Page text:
Long-term satellite observations reveal that Earth’s ozone has been strengthening following international agreements to protect this vital layer of the atmosphere.
According to the ozone sensor on Europe’s MetOp weather satellite, the hole over Antarctica in 2012 was the smallest in the last 10 years. The instrument continues the long-term monitoring of atmospheric ozone started by its predecessors on the ERS-2 and Envisat satellites.
Since the beginning of the 1980s, an ozone hole has developed over Antarctica during the southern spring—September to November—resulting in a decrease in ozone concentration of up to 70 percent. Ozone depletion is more extreme in Antarctica than at the North Pole because high wind speeds cause a fast-rotating vortex of cold air, leading to extremely low temperatures. Under these conditions, human-made chlorofluorocarbons (CFCs) have a stronger effect on the ozone, depleting it and creating the infamous hole.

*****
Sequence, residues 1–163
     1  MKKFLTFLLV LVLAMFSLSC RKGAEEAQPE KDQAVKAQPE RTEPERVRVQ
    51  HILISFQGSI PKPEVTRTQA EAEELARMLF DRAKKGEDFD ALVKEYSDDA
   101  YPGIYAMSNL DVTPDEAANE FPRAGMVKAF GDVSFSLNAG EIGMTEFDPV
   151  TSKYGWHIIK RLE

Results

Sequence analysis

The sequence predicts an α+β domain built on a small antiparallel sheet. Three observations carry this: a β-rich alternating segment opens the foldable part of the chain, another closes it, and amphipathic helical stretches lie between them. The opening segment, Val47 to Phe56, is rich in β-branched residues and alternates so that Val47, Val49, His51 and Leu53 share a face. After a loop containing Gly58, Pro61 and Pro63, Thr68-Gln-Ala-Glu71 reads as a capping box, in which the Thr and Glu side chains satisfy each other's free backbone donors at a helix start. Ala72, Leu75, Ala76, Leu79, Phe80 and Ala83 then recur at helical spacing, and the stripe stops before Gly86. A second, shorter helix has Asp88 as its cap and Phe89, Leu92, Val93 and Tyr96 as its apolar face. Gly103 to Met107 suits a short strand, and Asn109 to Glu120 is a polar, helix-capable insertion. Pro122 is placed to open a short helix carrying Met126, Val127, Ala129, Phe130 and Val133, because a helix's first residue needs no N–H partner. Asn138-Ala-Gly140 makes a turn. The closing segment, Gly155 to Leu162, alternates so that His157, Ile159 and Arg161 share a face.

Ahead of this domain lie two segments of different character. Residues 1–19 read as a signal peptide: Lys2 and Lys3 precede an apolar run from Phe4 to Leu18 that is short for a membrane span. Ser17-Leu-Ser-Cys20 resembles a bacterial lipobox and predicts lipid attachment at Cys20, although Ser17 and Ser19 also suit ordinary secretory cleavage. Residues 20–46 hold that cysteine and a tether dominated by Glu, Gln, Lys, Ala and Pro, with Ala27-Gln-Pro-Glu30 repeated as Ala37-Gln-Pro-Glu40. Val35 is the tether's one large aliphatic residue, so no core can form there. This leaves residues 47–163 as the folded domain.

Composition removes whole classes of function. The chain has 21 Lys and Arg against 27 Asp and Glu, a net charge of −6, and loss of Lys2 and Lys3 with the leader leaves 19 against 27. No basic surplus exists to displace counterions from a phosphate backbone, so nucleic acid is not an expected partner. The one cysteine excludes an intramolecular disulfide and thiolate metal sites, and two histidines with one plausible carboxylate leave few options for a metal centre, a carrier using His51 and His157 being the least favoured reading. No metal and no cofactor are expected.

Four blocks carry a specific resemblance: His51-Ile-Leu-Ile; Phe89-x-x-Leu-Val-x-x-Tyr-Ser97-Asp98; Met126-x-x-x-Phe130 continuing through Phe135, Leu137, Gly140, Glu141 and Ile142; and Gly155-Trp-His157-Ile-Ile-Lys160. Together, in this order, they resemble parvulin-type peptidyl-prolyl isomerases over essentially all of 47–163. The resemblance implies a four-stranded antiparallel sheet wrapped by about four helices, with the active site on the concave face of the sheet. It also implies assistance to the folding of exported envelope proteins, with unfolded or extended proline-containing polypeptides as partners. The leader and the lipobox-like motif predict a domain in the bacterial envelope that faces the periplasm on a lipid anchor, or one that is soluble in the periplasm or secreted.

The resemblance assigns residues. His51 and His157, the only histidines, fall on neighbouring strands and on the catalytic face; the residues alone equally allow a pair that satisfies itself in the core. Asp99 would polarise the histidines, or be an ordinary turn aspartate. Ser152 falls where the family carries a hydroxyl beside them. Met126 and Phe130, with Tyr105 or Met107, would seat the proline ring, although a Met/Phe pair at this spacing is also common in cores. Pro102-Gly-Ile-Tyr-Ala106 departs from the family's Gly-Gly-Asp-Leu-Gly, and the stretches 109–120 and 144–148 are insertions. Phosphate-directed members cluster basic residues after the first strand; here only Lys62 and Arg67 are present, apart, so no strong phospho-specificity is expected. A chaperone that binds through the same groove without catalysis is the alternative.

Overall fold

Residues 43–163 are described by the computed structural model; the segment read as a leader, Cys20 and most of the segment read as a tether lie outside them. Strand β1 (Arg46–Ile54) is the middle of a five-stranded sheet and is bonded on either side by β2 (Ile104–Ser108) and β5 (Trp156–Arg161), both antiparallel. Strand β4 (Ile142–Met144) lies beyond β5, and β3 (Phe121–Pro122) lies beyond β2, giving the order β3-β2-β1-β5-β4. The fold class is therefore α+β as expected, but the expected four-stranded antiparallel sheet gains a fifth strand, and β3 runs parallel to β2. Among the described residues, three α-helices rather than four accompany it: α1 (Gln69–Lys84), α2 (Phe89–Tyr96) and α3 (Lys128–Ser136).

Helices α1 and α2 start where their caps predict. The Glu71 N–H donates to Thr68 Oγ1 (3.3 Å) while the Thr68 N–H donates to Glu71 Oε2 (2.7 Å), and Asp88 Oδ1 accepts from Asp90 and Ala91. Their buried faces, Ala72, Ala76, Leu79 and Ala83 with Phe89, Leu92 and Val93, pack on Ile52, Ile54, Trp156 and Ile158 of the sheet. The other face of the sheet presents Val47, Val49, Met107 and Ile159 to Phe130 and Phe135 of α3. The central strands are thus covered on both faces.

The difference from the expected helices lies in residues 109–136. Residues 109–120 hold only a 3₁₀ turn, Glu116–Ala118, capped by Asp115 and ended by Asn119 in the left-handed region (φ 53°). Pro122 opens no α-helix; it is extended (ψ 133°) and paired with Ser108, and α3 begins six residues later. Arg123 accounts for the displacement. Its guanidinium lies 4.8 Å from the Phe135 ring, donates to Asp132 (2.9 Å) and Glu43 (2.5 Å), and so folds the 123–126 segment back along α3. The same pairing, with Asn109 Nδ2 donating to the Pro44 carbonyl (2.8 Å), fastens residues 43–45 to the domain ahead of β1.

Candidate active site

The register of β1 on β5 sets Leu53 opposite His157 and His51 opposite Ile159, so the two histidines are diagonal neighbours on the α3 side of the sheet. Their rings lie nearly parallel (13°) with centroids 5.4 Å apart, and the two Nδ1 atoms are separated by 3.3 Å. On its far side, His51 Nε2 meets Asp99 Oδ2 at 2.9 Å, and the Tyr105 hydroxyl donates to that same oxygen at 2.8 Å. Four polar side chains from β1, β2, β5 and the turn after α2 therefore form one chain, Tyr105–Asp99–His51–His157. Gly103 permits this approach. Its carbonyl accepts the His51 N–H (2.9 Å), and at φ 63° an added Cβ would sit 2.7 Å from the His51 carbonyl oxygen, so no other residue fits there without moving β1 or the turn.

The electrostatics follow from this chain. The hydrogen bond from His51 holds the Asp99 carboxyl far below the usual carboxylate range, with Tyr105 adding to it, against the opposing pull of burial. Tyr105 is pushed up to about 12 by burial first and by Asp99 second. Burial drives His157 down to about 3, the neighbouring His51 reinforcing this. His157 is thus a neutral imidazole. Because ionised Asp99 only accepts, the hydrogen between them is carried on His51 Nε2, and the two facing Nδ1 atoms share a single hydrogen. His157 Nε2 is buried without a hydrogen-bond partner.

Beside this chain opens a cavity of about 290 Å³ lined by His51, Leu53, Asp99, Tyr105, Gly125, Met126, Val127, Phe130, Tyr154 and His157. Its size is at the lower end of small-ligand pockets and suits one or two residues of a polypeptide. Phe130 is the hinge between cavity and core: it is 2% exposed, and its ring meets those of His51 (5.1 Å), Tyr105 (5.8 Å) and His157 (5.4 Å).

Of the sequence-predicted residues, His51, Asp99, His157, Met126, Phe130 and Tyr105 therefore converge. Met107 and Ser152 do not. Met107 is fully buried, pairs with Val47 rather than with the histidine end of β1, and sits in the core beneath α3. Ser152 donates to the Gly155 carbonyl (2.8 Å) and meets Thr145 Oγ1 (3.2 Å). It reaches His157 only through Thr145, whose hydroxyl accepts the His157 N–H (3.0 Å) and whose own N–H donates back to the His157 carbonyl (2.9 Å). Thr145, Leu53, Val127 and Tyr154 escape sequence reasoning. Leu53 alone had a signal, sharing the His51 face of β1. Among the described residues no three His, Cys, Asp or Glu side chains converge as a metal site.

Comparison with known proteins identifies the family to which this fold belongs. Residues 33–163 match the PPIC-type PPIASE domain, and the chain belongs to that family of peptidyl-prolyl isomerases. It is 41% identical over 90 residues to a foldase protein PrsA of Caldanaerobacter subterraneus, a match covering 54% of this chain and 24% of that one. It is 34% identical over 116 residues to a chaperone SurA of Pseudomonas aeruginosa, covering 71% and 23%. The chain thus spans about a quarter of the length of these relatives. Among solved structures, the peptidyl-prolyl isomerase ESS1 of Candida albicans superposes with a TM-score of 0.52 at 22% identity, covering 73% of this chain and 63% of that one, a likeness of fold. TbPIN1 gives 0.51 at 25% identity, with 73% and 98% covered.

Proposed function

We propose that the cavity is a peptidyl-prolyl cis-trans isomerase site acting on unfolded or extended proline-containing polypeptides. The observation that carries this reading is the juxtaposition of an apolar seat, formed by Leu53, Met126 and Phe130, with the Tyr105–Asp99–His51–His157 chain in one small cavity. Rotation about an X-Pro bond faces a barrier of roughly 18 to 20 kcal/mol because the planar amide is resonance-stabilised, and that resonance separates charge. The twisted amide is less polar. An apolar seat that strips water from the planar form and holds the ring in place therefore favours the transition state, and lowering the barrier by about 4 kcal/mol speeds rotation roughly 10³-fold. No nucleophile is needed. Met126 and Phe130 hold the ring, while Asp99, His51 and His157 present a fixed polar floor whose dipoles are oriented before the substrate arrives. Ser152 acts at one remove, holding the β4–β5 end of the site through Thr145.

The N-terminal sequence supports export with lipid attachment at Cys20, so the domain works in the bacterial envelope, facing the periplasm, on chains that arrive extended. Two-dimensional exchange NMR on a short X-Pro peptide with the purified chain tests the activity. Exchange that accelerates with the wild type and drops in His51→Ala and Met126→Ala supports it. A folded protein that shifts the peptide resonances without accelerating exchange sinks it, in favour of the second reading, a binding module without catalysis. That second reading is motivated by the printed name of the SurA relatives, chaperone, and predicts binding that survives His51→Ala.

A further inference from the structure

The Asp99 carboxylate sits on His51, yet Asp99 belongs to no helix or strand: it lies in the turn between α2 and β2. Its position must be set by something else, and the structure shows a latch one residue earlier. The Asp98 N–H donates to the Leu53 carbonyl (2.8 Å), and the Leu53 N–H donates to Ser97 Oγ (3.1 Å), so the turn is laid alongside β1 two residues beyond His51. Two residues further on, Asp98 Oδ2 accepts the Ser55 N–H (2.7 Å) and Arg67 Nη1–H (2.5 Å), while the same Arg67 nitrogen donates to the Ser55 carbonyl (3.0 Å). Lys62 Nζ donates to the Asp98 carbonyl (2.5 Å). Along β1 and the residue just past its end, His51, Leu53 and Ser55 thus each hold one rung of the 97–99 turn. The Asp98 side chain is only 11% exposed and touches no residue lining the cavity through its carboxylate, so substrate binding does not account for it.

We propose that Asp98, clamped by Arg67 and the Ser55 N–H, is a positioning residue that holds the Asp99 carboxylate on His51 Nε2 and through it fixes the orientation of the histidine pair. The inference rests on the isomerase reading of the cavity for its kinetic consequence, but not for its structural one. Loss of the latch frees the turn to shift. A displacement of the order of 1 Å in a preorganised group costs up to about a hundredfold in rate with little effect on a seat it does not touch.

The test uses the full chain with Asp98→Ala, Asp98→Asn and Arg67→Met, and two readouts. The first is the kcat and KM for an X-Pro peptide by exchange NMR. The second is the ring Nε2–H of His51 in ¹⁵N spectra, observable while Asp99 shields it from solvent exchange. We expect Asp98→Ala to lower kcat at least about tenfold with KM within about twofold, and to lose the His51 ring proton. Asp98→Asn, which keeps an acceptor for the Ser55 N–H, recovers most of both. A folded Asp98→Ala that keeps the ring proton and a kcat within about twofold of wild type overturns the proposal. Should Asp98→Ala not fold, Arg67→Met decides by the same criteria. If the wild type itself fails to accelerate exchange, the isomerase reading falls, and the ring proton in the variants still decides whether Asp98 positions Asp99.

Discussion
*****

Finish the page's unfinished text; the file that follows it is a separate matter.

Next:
Over the Arctic, the effect is far less pronounced because the northern hemisphere’s irregular landmasses and mountains normally prevent the build-up of strong circumpolar winds. Reduced ozone over the southern hemisphere means that people living there are more exposed to cancer-causing ultraviolet radiation.
International agreements on protecting the ozone layer, particularly the Montreal Protocol, have stopped the increase of CFC concentrations, and a drastic fall has been observed since the mid-1990s. However, the long lifetimes of CFCs in the atmosphere mean it may take until the middle of this century for the stratosphere’s chlorine content to go back to values like those of the 1960s.
Image courtesy of the European Space Agency and BIRA/IASB—RT Solutions Inc.